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Alligator Point water customers to vote on expansion
Granted unanimous support of the Florida Legislature, a measure to expand the boundaries of the Alligator Point Water Resource District will now be up to about 66 voters who reside on properties served by the district but just outside of it.
Heather Riley, the county’s supervisor of elections, said plans are on track to conduct a mail ballot that will require all 66 registered voters eligible to vote to return their ballots no later than 7 p.m. on Tuesday, Oct. 4.
She said the ballots will likely be sent out sometime around the last week of August, with the cost of the election, a few thousand dollars, to be borne by the district.
If a majority of those voting support the measure, then all these properties, often referred to as “the pine streets” right off of Alligator Drive will be brought into the district.
They then will be subject to paying the district’s 1.66420-mill property tax, but will no longer be assessed a flat monthly surcharge of $30 which was charged them for receiving services from the district, but living outside of it.
“Residents of the area to be annexed may see reduced costs for services, depending on the value of their property relative to the current surcharge,” read the analysis of the legislation backed by both State Rep. Jason Shoaf (R-Port St. Joe) and State Sen. Loranne Ausley (D-Tallahassee).
The Economic Impact Statement filed with the bill indicated a net revenue decline of $4,388 per year related to the shift from monthly surcharges to ad valorem collections.
The measure to hold the election passed the House on March 4, and the Senate on March 10, both unanimously, and signed into law by Gov. Ron DeSantis.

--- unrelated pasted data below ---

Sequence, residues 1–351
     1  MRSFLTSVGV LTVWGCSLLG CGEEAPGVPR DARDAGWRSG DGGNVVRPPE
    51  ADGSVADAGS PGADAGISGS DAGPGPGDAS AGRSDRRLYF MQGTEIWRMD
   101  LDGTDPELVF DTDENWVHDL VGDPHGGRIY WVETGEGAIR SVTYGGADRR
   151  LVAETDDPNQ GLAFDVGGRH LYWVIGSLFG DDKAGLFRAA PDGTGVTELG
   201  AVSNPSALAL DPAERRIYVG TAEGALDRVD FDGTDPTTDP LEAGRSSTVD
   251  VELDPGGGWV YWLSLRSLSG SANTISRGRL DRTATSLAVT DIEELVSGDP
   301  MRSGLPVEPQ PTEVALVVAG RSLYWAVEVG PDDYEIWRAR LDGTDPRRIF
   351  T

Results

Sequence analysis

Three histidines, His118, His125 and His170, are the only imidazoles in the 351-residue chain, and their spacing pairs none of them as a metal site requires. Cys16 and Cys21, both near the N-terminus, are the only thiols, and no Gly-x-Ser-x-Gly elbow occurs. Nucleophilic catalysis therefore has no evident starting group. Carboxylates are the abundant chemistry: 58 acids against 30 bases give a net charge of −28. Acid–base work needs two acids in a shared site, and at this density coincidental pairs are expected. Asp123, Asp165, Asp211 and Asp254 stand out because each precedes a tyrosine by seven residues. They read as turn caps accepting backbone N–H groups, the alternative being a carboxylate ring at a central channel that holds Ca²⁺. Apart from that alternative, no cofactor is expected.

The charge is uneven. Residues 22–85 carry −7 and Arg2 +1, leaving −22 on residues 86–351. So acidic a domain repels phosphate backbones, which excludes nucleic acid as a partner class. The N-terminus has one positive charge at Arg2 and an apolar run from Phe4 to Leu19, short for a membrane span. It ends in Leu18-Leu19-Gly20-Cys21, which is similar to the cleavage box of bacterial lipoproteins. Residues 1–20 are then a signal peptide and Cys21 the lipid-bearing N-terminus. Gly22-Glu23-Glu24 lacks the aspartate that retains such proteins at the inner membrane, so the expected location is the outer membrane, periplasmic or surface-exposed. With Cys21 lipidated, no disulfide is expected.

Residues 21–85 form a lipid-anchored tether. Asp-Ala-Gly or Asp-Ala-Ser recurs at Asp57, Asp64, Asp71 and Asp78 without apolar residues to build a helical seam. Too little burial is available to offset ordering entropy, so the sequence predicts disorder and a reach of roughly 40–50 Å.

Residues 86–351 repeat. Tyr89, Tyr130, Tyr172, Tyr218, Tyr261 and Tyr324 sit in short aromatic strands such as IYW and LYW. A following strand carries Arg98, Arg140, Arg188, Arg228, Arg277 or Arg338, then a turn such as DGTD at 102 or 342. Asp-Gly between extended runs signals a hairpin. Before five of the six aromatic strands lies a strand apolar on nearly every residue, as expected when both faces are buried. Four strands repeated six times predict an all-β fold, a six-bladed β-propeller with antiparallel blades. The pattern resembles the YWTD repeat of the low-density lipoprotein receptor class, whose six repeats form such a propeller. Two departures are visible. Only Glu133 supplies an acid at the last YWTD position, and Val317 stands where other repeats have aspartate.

The residents within the Alligator Point Water Resources District last year saw a growth in their tax base of about $11.1 million, from $154.9 million to just shy of $165 million, or roughly 7.2 percent.
Bucky Mitchell, who chairs the three-member board made up of landowners who are appointed by the governor, said the legislation would affect 127 properties, but only 66 people who live on these properties are registered to vote in Franklin County. Chip Morrison and Tom Van der Platts comprise the other two members of the board.
Mitchell said one expected outcome of the expanded boundaries will be the district’s plan to spend about $255,000 related to the construction of a fire protection system in the area to be annexed.
“That’s something we represented to the legislature and to the Franklin County commissioners that will happen once these folks are brought into district boundaries,” he said, noting that it would have to be approved as a capital expense by the three-member board.
Currently, these areas are served by two-inch water lines and not hydrants, Mitchell said. “It’s not the most ideal of situations for those folks. We would add hydrants and run new 10-inch pipes to serve these fire hydrants.”
He said that as the district is expanded and improvements are made with fire protection, the expectation is the area’s ISO should go down, which is preferred, and property insurance rates would be reduced.